Croatian Conservation Institute
Nike Grškovića 23
10000 Zagreb, Croatia
Tel. +385-(0)1-4684-599
Fax +385-(0)1-4683-289


The Croatian Conservation Institute was founded in 1997 by the Decree of the Government of the Republic of Croatia on a Merger of Public Institutions in the Field of Conservation and Restoration owned by the Republic of Croatia: the Institute for Restoration of Works of Art (founded in 1948) and the Conservation Institute of Croatia (founded in 1966).

The main activity of the Croatian Conservation Institute is conservation and restoration of immovable cultural goods (architectural heritage, wall paintings and mosaics, stone sculptures and stucco), movable cultural goods (easel paintings, wooden polychrome sculptures, furniture, art on paper, artworks of leather, and items of textile or metal), archaeological heritage, and other objects of cultural, historical or technical significance.

In addition to the Director, appointed by the Government of the Republic of Croatia at the recommendation of the Minister of Culture, the Institute is governed by a Steering Council, appointed by the Minister. The Institute, financed from the state budget, closely cooperates with conservation departments of the Directorate for Cultural Heritage Protection of the Ministry of Culture of the Republic of Croatia, and with professional and scientific institutions in Croatia and abroad. The purpose of this cooperation is the fulfilment of the Institute's tasks in the fields of research, conservation-restoration, protection, and preservation of cultural assets.

Historical Development

The foundations for systematic conservation and restoration activity in Croatia were first laid in 1948 with the founding of the Conservation Institute within the Croatian Academy of Sciences and Arts, followed by the establishment of the Split workshop at the Split Conservation Department in 1954, and the Zadar workshop at the Zadar Department of the Croatian Academy of Sciences and Arts in 1958. Significant impetus for further development of the activity came from the founding of the Conservation Institute of Croatia in Zagreb in 1966. The Institute was conceived as the central conservation and restoration institution, taking under its wing protective work on architectural and overall artistic heritage, and also a natural science laboratory. Twenty years later, the Institute for Restoration of Works of Art, formerly known as the Conservation Institute of the Academy of Sciences and Arts, inaugurated the first department outside Zagreb: the Vodnjan-Juršići Department for the region of Istria and Primorje.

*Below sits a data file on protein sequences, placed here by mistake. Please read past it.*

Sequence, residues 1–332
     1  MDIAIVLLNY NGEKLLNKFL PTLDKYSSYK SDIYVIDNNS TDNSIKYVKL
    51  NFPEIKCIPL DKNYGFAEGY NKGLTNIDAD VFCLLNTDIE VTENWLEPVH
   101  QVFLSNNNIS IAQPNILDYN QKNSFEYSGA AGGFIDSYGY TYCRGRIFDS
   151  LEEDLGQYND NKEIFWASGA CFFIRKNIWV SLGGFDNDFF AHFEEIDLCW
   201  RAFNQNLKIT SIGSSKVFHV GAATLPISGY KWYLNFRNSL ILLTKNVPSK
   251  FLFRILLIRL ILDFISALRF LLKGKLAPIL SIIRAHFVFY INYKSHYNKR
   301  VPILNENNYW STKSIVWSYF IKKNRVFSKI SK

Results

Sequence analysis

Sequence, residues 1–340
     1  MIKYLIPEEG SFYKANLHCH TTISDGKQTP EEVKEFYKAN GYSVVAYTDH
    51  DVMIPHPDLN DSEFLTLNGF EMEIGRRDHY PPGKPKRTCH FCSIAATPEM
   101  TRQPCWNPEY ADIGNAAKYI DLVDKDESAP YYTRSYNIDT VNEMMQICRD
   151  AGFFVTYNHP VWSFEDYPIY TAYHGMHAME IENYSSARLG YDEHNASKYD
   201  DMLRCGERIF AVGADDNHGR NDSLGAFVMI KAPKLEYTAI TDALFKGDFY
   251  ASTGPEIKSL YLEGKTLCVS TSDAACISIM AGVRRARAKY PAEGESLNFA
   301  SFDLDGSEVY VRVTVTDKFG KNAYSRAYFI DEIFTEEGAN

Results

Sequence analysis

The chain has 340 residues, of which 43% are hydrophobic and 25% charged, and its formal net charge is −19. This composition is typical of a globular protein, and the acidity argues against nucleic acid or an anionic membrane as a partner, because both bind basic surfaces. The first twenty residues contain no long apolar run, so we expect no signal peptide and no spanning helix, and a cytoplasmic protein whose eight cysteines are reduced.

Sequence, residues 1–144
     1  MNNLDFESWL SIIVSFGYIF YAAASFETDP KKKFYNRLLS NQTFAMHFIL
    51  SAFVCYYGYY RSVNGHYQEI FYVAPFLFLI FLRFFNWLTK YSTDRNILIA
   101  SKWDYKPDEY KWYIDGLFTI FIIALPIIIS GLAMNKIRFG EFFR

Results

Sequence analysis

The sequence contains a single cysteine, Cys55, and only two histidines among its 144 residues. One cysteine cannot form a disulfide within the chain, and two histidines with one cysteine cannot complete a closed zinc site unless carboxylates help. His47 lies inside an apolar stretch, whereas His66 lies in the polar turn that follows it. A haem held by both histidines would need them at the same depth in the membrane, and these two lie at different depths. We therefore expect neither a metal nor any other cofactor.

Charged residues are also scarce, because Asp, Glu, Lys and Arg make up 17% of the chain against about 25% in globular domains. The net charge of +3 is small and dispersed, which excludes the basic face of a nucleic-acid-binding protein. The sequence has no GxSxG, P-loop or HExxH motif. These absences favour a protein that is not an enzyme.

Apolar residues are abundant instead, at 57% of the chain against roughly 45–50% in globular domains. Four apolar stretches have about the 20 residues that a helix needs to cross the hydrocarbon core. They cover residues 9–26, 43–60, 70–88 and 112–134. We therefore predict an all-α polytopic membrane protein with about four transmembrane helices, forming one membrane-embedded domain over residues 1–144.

The military aggression against Croatia in 1991 and the destruction of cultural heritage that accompanied it had a negative impact on the momentum of development of conservation and restoration activity. Space was made in Batthyány Castle in Ludbreg for the central storeroom for evacuated objects of art, and an atelier for their conservation and restoration, with specially designed conference rooms to meet the needs of professional conventions and international cooperation programmes. In Dubrovnik, Villa Stay was renovated and adapted for use by the Dubrovnik Restoration Department. In Osijek, a Restoration Department was opened in the Tvrdja (Fortress), which also provided facilities for housing and promoting traditional crafts.

The turning point in the conservation activity came at the beginning of 1997 with the decision of the Government of the Republic of Croatia to merge the Institute for the Restoration of Works of Art and the Conservation Institute of Croatia into one institution: the Croatian Conservation Institute. In addition to the headquarters of the Institute's Administration, departments and workshops specializing in the conservation and restoration of specific types of works of art are located in Zagreb, Split, Dubrovnik, Ludbreg, Rijeka, Zadar, Osijek, Vodnjan and Juršići.

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